Sex Talk

I'm not sexually attracted to my partner. Can we still enjoy a romance?

Dr Tlaleng Mofokeng answers your sex questions

30 September 2018 - 00:00
Asexual people can enjoy physical intimacy in the form of holding hands or cuddling.
Asexual people can enjoy physical intimacy in the form of holding hands or cuddling.
Image: 123RF / Mavoimage

Q. Is being asexual the same as being celibate? Is it possible to be in a relationship even though I am asexual?

A. Asexuality is a spectrum and not the same as celibacy, where you still have sexual attraction and are abstaining from sexual acts by choice.

Someone who is asexual does not experience sexual attraction - it is a lack of desire for other people. Asexuality is not common. But more and more people are identifying with this orientation.

Those who self-identify as asexual explain having never felt or experienced attraction intense enough to express or act on it. For those who feel attraction, asexual people can identify as gay, lesbian, bisexual or straight.

Some asexual people experience romantic attraction and feel and express this in many ways, including going on dates. Physical intimacy could include holding hands or cuddling - however, these interactions do not lead to sexual interaction with other people.

Asexual people are able to have emotional intimacy and closeness, and many have long-term relationships. Many asexual people are in relationships with both sexual and asexual people. Others don't experience any sexual or romantic attraction and identify themselves as aromantic asexuals.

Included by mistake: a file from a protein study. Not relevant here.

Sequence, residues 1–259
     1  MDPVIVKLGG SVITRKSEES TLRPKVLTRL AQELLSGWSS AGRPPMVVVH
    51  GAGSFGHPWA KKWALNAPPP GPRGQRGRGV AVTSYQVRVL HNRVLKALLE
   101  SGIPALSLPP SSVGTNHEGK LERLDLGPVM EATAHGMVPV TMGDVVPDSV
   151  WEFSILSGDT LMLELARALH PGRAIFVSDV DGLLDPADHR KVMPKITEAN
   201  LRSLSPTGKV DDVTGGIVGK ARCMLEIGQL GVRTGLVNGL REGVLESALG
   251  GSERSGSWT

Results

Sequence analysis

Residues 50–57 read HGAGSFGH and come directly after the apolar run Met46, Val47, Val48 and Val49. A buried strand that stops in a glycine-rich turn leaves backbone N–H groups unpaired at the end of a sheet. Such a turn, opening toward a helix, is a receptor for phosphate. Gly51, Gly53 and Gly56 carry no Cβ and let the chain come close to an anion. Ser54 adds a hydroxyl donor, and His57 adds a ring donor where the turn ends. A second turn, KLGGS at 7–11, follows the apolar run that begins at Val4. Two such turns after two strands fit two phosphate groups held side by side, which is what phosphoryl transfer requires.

Asexual people are able to have emotional intimacy and closeness, and many have long-term relationships

Identifying as asexual is not a sign of being unable to experience sexual pleasure or indicative of nonfunctionality of genitals. Being asexual doesn't mean someone is unable to carry a pregnancy and have children.

Though they may not initiate sex, some asexual people can engage in consensual sexual activity with a partner. Some also masturbate and others experience fantasies.

What can be distressing for asexual people is the knee-jerk reaction from their partners who may want to "fix them". In the absence of open communication in the relationship, the risk of sustained frustration due to sexual incompatibility is great.

Infidelity, resentment and loathing may make intimacy difficult to achieve. Coercion is unwelcome and will leave an asexual person rightly feeling violated. The subjective experience of engaging in intimate activity and sex will vary from person to person and must guide sexual and intimate relations.

• Dr Tlaleng Mofokeng (MBChB), sexual and reproductive health practice, Disa Clinic, safersex.co.za.

Do you have a question about sex?

E-mail your questions to lifestyle@sundaytimes.co.za with SEX TALK as the subject. Anonymity is assured.


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